This may now be changing: there is a universal concern for sound teaching strategies based on evidence of effectiveness, and teaching methods which encourage students to think like researchers.

Evidence-informed practice

The terms "evidence-based" or "evidence-informed" practice are used to describe approaches that critically look at teaching practice in order to provide solid evidence for what works, which can then inform policy.

For example, certain types of learning, such as problem- or enquiry-based, have become popular, but are they effective? Exams are being replaced by continuous assessment, but is this effective and what forms of assessment are best?

If evidence can be accumulated which is not simply relevant to one institution, then good practice can be developed for the sector, which can then become enshrined in policy. However, there is an inherent problem around the nature of acceptable evidence when applied to education.

As a concept, evidence-based practice derives from medical science which is located in the positivist tradition and favours quantitative methods. In the UK, for example, the National Institute for Health and Clinical Excellence laid down guidelines on a range of health-care issues which became policy. There is an obvious benefit for a busy doctor to be able to go to a source which, for example, provides the evidence backed by clinical trials for treatment of unstable angina, and the relative merits of coronary artery bypasses versus other forms of surgical intervention.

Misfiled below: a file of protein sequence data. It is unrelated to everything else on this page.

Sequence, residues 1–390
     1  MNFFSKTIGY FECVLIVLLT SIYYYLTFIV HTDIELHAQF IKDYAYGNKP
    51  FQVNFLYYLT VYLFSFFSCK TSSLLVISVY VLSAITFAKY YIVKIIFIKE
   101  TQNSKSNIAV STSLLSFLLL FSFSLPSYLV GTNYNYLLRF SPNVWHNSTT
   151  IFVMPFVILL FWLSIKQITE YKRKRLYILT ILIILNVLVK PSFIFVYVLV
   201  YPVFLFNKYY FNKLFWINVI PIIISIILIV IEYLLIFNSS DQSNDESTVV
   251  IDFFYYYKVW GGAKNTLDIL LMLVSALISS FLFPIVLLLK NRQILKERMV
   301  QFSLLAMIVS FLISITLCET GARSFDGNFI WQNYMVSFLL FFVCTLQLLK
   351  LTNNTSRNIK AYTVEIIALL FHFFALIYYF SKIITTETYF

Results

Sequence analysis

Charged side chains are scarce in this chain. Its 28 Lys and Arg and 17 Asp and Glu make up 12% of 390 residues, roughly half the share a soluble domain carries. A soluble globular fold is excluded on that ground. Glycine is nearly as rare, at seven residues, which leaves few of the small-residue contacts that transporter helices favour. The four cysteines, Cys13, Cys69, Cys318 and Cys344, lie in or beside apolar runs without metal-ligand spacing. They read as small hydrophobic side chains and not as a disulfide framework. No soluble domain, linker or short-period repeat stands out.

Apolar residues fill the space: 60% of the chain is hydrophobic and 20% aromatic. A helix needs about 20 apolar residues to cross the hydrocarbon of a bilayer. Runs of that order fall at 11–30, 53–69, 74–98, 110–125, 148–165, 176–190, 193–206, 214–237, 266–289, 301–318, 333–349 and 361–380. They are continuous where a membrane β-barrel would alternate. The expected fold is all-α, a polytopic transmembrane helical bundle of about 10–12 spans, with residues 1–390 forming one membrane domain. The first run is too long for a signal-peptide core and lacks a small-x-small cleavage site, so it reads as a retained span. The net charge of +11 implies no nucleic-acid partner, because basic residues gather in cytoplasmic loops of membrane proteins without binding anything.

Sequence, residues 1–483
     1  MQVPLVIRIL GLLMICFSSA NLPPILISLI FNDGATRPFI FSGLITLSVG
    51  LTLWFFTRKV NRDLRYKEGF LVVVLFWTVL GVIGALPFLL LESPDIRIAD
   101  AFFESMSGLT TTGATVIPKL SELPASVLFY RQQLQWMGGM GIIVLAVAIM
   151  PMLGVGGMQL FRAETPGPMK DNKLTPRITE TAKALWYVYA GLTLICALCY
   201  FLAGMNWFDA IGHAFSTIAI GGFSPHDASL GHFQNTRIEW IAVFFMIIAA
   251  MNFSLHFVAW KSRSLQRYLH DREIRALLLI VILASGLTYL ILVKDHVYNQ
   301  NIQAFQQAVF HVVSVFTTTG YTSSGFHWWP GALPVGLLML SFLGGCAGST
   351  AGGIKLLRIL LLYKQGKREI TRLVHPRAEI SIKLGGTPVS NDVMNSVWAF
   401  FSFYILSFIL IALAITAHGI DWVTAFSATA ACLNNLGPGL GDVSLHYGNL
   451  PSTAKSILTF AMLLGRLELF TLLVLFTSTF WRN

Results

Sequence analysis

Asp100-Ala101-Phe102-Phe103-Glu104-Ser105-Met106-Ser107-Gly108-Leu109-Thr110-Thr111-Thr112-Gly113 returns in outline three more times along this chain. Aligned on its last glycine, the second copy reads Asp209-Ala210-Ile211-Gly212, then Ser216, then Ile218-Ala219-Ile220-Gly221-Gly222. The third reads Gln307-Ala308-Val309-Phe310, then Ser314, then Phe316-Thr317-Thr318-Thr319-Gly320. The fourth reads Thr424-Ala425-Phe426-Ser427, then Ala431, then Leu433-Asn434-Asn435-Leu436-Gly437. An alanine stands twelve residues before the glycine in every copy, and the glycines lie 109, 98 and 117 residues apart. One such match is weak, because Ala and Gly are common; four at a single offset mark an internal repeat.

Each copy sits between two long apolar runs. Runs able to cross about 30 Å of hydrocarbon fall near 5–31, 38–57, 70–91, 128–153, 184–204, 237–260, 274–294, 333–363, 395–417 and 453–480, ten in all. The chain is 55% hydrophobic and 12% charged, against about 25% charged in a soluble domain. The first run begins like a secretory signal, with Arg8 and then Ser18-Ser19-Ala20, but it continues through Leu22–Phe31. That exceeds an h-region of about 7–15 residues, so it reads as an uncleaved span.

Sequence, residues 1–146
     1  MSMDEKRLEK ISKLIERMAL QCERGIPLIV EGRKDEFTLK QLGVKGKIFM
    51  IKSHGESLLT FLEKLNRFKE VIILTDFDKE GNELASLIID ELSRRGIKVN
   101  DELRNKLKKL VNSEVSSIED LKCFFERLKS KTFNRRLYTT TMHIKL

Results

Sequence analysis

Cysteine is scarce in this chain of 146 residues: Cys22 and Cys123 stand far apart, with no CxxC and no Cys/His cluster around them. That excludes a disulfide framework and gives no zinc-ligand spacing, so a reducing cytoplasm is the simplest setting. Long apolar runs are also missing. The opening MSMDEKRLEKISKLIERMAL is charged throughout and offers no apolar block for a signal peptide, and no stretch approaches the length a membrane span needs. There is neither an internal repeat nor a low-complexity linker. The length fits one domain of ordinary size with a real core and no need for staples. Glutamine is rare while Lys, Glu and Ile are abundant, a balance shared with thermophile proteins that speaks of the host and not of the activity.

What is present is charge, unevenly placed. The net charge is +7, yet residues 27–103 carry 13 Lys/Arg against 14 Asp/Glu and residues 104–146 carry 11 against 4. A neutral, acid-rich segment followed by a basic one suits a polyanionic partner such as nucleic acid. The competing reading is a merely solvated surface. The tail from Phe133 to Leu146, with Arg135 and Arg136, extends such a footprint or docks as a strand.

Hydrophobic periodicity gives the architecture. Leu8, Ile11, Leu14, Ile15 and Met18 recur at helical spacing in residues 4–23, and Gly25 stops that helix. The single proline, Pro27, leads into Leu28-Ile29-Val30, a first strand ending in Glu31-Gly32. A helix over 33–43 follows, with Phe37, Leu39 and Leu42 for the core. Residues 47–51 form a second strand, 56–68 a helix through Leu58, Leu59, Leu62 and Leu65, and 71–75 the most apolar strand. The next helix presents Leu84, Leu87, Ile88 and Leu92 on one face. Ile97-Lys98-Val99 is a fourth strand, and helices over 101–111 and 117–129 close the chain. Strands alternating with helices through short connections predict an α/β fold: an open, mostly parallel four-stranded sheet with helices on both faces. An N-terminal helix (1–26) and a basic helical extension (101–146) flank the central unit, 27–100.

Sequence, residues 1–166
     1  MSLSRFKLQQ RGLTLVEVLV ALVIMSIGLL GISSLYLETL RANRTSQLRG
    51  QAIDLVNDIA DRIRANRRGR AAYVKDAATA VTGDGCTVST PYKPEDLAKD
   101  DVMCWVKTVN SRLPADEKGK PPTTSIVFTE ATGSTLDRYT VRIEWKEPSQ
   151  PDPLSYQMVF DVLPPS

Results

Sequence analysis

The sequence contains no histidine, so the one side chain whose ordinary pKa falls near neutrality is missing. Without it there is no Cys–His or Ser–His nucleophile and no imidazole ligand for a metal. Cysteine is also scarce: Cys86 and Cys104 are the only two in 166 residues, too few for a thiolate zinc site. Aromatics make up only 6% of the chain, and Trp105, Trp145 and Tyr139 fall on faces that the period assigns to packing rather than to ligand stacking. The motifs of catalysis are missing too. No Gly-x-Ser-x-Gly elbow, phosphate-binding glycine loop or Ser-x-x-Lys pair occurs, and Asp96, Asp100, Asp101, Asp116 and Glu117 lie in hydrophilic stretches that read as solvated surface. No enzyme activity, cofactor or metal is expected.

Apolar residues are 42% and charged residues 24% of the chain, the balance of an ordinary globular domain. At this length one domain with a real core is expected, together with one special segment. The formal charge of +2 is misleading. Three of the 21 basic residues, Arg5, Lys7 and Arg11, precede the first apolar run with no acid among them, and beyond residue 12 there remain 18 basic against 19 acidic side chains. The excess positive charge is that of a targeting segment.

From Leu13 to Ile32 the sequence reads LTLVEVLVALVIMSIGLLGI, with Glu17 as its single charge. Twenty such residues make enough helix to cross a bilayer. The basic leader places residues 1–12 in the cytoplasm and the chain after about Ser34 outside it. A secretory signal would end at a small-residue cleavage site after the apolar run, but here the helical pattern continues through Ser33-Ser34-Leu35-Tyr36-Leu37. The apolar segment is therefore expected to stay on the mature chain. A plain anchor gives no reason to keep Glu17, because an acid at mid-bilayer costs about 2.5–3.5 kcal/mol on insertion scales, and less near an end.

Education, on the other hand, is less amenable to a hard scientific approach; it is concerned not just with observable improvement, but with other more subtle and less quantifiable factors such as attitude and motivation. And there is also a considerable overlap with other disciplines, e.g. sociology and psychology. Useful research approaches are just as likely to be qualitative as quantitative: for example, ethnographic methods, focus groups, etc.

Oliver and Connole (2003) provide a critique of evidence-based approaches in the context of e-learning, which they consider to be particularly unsuited to a uniquely quantitative measurement, being rooted in a number of different disciplines and models.

Thus, the authors advocate a "more eclectic research paradigm", in other words, qualitative as well as quantitative methods, for example the use of ethnographic as well as experiment-based techniques.

Having established the need for a broad-based approach to empirical research, the question then becomes whether this is the only form of acceptable evidence. Mike Prosser of the UK's Higher Education Academy claims that while the growing body of pedagogical research is important, evidence can be defined more widely. He lists admissible forms of research as follows (Prosser, 2005):

  • Research which makes a significant contribution to the body of knowledge, that is situated in the literature, and which enhances our theoretical and conceptual understanding. Presumably this includes empirical research, as well as conceptualization which draws on empirical research.